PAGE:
http://warontherocks.com/2016/06/fear-and-loathing-in-the-levant-turkey-changes-its-syria-policy-and-strategy/

      ***

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    2. That all sounds good but you need Putin to keep Turkey from getting all verklempt. That Ottoman, Erdogan,is in desperate need of a good a$$ kicking and Putin is just the guy for the job. His support for ISIS is evident when you look to see who bought the oil. And while we are at it- all those brand new ISIS trucks? It would take one phone call to find out where they came from and who paid for them. "Hello, Mitsubishi? Are you missing a boatload of trucks?"

      ~M.

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  3. Loathsome as the Assad regime is, the alternative to it is that unholy mix of ISIS, Qaida, and the plain old Muslim Brotherhood--those wonderful folks who brought us 9/11.

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  4. Just as if one is against Trump, one is for Hillary, so too, if one is against Assad one is for ISIS.

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    Replies
    1. I regret to say that I agree, Anonymous. I cannot share our host's admiration for Trump, but if the GOP has any chance at all in my deep indigo state of Maryland, I will hold my nose and vote for The Donald.

      Similarly, I smell a very big rat in fifty-odd senior diplomats wanting to attack the Syrian government. I suspect that it is cover for another attempt to woo Sunnite extremism in preparation for a 'President' Shrillay Shroooooooo's getting us into more Middle Eastern trouble.

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    2. Aaaah. Maryland. 'Splains everything I've wondered boud ju.

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  5. Could someone please explain what was the [il]logic behind Obummer/Hellery's re-establishing of diplomatic relations with Assad back in 2009/2010? Was this nothing more than Jarrett's bowing to the Shia wing of this Religion of Peace? The US media has swept this lunacy under the current political rug ...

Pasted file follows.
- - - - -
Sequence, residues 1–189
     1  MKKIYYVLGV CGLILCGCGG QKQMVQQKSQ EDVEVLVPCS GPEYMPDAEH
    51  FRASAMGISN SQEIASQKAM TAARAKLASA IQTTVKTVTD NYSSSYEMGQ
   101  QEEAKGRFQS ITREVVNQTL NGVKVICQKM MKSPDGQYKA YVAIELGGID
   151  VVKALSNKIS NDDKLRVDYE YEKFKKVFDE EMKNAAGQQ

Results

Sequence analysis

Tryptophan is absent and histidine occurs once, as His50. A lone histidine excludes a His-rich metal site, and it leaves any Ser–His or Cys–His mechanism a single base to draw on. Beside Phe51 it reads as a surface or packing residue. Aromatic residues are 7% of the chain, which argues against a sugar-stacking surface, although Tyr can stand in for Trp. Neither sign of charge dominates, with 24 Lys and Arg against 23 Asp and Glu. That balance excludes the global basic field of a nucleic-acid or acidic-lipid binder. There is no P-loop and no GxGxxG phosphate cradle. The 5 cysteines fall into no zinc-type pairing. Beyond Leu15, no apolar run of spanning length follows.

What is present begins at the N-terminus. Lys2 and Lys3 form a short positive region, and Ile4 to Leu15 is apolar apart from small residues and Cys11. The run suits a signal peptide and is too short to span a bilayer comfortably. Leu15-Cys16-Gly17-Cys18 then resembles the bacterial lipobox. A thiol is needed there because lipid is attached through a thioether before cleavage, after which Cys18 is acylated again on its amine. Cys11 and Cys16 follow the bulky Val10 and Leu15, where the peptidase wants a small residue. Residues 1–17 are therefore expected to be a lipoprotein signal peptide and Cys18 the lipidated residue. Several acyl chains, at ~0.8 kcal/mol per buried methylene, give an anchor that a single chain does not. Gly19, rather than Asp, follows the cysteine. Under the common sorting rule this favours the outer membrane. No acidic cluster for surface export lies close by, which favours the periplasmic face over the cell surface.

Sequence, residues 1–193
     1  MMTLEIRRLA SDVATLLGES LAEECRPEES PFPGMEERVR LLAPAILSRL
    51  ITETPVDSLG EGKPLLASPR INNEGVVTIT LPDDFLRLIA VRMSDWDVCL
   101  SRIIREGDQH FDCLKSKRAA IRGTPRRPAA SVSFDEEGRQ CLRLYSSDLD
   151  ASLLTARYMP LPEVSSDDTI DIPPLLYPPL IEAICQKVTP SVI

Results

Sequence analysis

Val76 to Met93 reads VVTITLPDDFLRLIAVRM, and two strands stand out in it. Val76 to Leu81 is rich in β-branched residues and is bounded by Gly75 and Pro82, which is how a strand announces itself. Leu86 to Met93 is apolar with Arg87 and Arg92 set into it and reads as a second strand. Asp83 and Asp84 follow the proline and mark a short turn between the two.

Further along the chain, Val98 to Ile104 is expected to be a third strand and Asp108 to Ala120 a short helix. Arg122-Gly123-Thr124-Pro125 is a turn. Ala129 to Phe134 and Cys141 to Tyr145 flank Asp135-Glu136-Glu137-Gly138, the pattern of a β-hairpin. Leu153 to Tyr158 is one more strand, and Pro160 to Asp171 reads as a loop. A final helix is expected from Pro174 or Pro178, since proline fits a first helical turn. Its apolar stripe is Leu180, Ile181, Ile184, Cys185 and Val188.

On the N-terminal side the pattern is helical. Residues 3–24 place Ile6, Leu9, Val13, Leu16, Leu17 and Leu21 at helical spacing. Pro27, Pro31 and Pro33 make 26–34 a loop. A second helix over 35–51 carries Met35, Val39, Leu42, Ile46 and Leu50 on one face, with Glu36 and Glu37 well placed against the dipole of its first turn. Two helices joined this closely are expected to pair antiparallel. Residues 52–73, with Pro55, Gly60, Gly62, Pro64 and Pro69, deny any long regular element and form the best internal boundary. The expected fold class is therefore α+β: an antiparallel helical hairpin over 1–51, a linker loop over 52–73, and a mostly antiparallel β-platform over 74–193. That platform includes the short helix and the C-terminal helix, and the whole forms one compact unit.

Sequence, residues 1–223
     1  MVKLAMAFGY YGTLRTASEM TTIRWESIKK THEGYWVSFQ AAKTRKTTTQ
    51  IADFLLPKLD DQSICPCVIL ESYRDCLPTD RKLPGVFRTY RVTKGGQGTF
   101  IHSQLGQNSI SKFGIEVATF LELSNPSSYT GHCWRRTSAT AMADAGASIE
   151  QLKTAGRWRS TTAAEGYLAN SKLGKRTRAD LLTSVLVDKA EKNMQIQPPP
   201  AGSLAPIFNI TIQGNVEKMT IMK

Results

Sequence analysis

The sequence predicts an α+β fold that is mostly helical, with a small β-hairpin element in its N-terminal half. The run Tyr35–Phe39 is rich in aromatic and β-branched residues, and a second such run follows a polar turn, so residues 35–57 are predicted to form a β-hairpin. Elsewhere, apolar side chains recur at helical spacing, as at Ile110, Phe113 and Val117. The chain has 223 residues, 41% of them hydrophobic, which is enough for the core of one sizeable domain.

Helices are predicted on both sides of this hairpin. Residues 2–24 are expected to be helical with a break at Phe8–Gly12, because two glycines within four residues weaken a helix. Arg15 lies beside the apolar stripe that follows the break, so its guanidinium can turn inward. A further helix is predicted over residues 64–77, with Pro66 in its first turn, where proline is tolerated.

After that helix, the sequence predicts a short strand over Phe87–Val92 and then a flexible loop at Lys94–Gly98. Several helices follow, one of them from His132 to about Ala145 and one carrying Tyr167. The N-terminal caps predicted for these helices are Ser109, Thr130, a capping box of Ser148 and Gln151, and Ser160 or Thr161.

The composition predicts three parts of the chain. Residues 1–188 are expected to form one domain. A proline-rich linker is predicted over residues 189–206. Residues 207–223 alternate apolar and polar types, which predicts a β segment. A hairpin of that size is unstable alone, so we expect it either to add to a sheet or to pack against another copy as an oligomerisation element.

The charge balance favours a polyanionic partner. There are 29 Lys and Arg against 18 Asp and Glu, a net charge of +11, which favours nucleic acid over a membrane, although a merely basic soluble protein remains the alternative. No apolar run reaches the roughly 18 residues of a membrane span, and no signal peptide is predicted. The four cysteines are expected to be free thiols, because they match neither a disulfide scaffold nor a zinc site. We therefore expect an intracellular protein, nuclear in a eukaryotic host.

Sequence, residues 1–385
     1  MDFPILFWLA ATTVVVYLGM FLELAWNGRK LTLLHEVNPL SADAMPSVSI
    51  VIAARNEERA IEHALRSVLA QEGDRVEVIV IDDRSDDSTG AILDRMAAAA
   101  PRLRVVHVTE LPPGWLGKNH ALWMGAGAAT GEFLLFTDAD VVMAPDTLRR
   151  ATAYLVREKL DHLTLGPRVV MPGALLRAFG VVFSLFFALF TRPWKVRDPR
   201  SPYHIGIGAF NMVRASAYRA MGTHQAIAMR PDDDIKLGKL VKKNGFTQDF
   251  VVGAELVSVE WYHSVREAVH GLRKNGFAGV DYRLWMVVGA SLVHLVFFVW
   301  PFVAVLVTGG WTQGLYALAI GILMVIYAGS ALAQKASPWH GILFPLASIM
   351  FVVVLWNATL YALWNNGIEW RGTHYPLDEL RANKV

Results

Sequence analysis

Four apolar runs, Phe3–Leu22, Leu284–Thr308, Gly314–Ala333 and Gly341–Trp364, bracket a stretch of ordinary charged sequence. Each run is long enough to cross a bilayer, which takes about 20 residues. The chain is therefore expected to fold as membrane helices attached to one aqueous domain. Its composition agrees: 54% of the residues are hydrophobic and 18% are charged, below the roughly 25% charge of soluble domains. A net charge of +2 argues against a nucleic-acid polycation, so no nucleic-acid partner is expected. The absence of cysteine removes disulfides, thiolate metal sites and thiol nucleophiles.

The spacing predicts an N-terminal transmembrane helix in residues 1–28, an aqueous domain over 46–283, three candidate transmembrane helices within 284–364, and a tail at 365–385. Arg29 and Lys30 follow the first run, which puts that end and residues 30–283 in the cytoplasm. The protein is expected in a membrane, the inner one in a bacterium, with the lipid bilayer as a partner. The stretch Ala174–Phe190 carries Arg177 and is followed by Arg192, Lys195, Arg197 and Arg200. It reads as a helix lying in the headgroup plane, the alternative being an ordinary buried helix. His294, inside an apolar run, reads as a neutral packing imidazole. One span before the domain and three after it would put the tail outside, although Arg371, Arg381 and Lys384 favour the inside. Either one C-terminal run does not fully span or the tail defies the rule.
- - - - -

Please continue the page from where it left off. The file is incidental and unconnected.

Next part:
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    1. We have seen Obama and his consiglieri cozying up to Iran from the start. Assad's survival is a key interest of Iran. US recognition could help boost Syrian gov's prestige, and therefore the chance of it's pseudo-Shi'a minority continuing to rule. It was part of O's strategy of "appease Iran." O was planning from the start to make a renversment des alliances with Iran. Recognizing Syria, Iran's client state, was a piece of it. Makes perfect sense.

      Delete
  6. "be it in Chechnya ...": then stop fomenting trouble with Russia, stop driving Russia into China's orbit, and cultivate the bloody place. It may be run by a bunch of crooks, but they do seem to be much more intelligent crooks than your own.

    It's absurd: the "unequal treaties" and the shared border should make China and Russia natural antagonists; the moslem threat should make the US and Russia natural collaborators.

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    1. Dearieme: Both China and Russia face more serious threats from global Islamicism than we in the States do. I don't minimize the threat we Americans face and that we're the people the Ikhwan and its offshoots love to hate. I believe that Trump is far more awake to what the threats we face are than either Clinton or the O will ever be.

      BUT---

      Russia has a large and restive indigenous Muslim population with a huge historical grievance. That's what the northern Kavkaz and potentially the Volga Tatar realm are all about. We've seen Chechnya erupt. Even before the fall of the Soviet Union, Aleksandr Solzhenitsyn, in his books on the Gulag, observed that the Chechens, even in their Kazakhstan exile, had somehow effectively "seceded" from the Soviet system even then.

      China has to deal with a simmering separatist movement in Muslim and Turkic Xinjiang, which its inhabitants call Sharki Turkistan, or Eastern Turkistan. Even back in 1992-94, when I was in Mainland China, it was a dangerous place where Han settlers were routinely murdered and even the PLA itself sometimes came under attack. Where I was in Guangzhou, there was a small Uyghur colony behind the train station where I bought bagels, pizza crust, and raisins, and found out that it was a "no go" zone for the police--a police department, mind you, that was still very much part of a totalitarian security apparatus.